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Annales Geophysicae An interactive open-access journal of the European Geosciences Union
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Volume 26, issue 12
Ann. Geophys., 26, 4031–4049, 2008
https://doi.org/10.5194/angeo-26-4031-2008
© Author(s) 2008. This work is distributed under
the Creative Commons Attribution 3.0 License.
Ann. Geophys., 26, 4031–4049, 2008
https://doi.org/10.5194/angeo-26-4031-2008
© Author(s) 2008. This work is distributed under
the Creative Commons Attribution 3.0 License.

  11 Dec 2008

11 Dec 2008

Solar wind control of plasma number density in the near-Earth plasma sheet: three-dimensional structure

D. Nagata1, S. Machida1, S. Ohtani2, Y. Saito3, and T. Mukai3 D. Nagata et al.
  • 1Department of Geophysics, Kyoto University, Kyoto 606-8502, Japan
  • 2Applied Physics Laboratory, Johns Hopkins University, Laurel, MD 20723, USA
  • 3Institute of Space and Astronautical Science, Japan Aerospace Exploration Agency, Sagamihara, Kanagawa 229-8510, Japan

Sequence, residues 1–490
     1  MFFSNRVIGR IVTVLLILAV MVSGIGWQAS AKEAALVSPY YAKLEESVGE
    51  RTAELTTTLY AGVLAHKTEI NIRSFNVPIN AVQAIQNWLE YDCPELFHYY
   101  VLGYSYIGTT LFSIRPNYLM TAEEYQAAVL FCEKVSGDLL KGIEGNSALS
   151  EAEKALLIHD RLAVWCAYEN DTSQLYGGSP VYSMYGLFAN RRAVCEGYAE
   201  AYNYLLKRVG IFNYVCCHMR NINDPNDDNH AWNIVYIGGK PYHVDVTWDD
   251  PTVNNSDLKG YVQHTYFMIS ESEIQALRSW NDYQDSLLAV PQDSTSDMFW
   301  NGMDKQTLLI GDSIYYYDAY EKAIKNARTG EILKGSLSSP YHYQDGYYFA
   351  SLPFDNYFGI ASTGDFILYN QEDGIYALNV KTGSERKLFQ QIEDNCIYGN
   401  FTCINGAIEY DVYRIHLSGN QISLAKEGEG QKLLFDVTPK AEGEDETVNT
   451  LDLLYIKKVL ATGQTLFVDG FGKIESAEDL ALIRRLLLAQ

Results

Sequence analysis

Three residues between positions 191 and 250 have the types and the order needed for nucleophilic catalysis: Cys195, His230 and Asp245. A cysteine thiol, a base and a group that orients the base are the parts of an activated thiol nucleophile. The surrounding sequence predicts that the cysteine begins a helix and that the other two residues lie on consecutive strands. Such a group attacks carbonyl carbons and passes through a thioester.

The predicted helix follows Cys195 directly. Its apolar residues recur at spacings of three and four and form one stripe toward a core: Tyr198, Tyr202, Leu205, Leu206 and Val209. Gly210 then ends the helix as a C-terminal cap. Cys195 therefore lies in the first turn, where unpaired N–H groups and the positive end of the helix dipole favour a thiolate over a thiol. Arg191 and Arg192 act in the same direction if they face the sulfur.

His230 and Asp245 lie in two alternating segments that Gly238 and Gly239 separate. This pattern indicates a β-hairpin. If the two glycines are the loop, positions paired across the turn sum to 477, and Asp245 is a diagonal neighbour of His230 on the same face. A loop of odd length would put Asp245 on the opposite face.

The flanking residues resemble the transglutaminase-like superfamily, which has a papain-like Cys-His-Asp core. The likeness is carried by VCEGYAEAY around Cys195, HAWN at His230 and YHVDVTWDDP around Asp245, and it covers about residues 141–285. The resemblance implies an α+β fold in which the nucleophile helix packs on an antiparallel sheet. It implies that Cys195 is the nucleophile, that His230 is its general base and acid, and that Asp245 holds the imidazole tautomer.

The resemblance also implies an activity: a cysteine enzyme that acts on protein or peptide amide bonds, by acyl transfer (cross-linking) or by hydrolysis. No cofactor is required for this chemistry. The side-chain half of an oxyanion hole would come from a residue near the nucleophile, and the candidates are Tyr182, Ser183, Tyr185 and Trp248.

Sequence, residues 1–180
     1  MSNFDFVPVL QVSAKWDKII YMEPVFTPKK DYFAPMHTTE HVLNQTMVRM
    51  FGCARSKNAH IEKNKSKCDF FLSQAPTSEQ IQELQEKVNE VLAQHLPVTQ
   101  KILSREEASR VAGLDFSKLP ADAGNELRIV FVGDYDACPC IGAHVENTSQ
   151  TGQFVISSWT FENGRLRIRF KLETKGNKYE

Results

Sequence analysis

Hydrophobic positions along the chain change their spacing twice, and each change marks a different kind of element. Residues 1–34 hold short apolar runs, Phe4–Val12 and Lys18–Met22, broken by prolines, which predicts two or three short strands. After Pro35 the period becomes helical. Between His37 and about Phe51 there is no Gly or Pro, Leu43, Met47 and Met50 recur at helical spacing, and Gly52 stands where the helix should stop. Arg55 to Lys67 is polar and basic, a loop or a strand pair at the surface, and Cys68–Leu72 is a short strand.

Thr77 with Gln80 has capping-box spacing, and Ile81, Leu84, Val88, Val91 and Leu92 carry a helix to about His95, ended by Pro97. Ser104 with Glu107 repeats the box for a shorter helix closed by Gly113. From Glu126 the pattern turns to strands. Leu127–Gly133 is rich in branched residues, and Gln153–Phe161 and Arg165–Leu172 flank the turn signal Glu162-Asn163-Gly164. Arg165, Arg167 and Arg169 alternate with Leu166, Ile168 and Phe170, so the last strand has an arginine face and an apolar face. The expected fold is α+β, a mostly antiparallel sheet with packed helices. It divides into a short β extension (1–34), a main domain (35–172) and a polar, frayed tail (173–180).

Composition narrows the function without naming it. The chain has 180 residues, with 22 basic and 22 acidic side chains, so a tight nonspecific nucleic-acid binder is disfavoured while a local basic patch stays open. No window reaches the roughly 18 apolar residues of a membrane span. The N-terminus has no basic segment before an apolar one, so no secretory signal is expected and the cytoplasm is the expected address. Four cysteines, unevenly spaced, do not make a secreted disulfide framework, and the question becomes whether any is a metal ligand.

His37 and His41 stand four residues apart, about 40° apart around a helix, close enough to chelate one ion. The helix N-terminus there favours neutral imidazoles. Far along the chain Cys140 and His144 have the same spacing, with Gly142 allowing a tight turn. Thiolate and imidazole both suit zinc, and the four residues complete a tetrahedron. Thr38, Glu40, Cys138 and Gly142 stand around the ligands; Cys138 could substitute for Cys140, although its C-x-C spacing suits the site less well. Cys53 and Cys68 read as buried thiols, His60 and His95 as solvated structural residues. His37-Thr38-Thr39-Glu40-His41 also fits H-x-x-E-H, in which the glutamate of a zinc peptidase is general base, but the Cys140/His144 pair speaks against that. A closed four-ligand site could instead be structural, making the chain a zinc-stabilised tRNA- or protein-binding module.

Abstract. The plasma number density in the near-Earth plasma sheet depends on the solar wind number density and the north-south component of interplanetary magnetic field (IMF Bz) with time lag and duration of several hours. We examined the three-dimensional structure of such dependences by fitting observations of plasma sheet and solar wind to an empirical model equation. Analyses were conducted separately for northward and southward IMF conditions. Effects of solar wind speed and IMF orientation were also examined by further subdivision of the dataset. Based on obtained results, we discuss (i) the relative contribution of the ionosphere and solar wind to plasma sheet mass supply, (ii) the entry mechanisms for magnetosheath particles, and (iii) the plasma transport in the plasma sheet. We found that solar wind number density dependence is weaker and IMF Bz dependence is stronger for faster solar wind with southward IMF, which suggests the contribution of ionospheric particles. Further from the Earth, different interplanetary conditions result in different structures of solar wind dependence, which indicate different solar wind entry mechanisms: (1) southward IMF results in a strong dependence on solar wind number density in the flank high-latitude region, (2) slow solar wind with northward IMF leads to lower-latitude peaks of solar wind number density dependence in the flank region, (3) fast solar wind with northward IMF results in a strong dependence on solar wind number density at the down-tail dusk flank equator, and (4) solar wind number density dependence is stronger in the downstream of quasi-parallel bow shock. These features are attributable to (1) low-latitude dayside reconnection entry, (2) high-latitude dayside reconnection entry, (3) entry due to decay of Kelvin-Helmholtz vortices, and (4) diffusive entry mediated by kinetic Alfven waves, respectively. Effect of IMF Bz and its time lags show plasma sheet reconfiguration associated with enhanced convective transport under southward IMF. Duration of IMF Bz effect under northward IMF is interpreted in terms of turbulent diffusive transport.

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